Our Plan for Good Governance with NDP 2021 – 2025

Government’s vision for good governance first in the ERGP and now in the National Development Plan includes fighting corruption in the public and private sectors to improve transparency in the use of public resources; reinforcement of security by fighting terrorism and insecurity; reforming the public service by reducing the cost of governance and raising productivity across all Federal Government agencies, particularly the public procurement system.

Reform will be intensified to ensure value for money in the procurement process and strengthening sub-national coordination.

I signed and assented to the Companies and Allied Matters Act 2020. This Act has introduced a beneficial ownership disclosure scheme for the first time in company ownership in Nigeria.

This has the potential to prevent corrupt persons from hiding ill-gotten wealth behind the veil of companies. It is also a tool to assist anti-corruption agencies in the difficult task of investigating cases where public officers use their companies to bid for government contracts or to hide assets.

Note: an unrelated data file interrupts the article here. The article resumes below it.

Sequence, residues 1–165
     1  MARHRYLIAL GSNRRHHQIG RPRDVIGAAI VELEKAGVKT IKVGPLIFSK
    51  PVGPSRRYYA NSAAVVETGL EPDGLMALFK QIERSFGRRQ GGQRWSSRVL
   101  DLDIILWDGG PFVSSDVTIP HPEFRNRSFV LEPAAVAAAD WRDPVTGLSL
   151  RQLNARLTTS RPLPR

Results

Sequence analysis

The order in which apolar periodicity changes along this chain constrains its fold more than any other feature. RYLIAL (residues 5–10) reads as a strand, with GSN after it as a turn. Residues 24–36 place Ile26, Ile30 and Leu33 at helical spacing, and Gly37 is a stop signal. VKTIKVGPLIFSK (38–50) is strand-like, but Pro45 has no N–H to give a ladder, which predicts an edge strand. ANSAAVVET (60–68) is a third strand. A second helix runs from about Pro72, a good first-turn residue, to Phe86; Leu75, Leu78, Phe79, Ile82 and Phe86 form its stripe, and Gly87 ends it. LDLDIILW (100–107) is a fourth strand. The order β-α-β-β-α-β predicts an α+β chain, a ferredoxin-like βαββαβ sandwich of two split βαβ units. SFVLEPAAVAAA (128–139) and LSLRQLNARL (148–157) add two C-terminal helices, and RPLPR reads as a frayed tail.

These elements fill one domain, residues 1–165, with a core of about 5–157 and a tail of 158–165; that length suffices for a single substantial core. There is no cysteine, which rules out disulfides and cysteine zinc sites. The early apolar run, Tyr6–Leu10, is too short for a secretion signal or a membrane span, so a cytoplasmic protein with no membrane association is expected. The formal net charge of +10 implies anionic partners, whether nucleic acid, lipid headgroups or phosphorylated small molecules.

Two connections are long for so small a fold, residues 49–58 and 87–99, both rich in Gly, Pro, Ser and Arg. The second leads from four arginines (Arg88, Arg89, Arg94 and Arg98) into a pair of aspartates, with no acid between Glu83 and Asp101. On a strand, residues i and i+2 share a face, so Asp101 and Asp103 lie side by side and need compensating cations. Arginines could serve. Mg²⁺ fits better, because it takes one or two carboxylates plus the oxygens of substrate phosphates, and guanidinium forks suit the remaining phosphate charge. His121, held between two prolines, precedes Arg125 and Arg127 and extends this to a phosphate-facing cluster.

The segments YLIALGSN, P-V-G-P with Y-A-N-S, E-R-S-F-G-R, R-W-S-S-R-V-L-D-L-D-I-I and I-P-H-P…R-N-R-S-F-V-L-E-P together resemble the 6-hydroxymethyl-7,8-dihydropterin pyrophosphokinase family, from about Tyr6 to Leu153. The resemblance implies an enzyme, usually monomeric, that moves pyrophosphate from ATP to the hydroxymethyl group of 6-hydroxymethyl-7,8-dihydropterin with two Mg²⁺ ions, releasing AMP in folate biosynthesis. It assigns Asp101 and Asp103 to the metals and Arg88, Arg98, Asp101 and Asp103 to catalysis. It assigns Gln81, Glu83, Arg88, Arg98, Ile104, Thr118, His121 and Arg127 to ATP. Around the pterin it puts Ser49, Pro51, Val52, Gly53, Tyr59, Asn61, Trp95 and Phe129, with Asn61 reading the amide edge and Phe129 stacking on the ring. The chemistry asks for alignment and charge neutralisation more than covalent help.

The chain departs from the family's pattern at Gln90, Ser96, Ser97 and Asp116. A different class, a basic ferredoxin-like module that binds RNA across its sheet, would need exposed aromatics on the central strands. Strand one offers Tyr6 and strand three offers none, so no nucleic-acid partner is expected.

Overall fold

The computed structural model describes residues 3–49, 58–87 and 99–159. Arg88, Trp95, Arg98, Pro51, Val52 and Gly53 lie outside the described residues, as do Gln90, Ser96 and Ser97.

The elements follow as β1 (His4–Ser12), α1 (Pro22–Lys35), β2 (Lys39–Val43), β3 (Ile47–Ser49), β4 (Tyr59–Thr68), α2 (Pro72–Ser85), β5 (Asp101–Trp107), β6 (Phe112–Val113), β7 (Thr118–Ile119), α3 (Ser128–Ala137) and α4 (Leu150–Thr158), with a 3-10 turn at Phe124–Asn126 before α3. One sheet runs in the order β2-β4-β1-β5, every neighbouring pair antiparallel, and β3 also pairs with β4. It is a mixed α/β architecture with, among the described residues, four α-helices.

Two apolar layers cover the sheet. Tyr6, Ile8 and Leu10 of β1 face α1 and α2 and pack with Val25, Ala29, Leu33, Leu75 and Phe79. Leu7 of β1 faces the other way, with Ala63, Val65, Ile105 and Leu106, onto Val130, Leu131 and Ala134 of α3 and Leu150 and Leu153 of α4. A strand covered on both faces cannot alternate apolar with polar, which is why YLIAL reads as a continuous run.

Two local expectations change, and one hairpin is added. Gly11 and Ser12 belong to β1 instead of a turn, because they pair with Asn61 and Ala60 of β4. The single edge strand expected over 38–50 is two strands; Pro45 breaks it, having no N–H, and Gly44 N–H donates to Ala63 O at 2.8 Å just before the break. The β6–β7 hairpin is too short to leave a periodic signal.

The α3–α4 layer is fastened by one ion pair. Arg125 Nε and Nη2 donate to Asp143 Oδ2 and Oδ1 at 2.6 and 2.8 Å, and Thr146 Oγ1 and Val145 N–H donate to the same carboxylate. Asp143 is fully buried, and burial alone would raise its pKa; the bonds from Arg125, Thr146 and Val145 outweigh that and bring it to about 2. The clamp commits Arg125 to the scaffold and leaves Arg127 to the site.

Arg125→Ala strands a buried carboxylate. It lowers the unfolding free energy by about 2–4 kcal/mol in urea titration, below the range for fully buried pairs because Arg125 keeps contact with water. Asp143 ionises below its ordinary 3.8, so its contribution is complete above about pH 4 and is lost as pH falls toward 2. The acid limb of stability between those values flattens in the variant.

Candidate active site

Under my watch, Nigeria joined the Open Government Partnership in 2016 and has taken sustained measures to improve the Ease of Doing Business in Nigeria.

Following the full implementation of several resource saving and anti-corruption measures such as the Treasury Single Account to ensure that all government revenue is held by the Central Bank of Nigeria, and retained prevention measures to promote transparency and minimize laundering of the proceeds of crimes, we need to intensify cost saving measures.

Frameworks such as Government Integrated Financial Management Information System, Integrated Personnel and Payroll Information System, Bank Verification Number, mandatory National Identity Number must all be integrated and deployed to fight corruption and manage the cost of governance.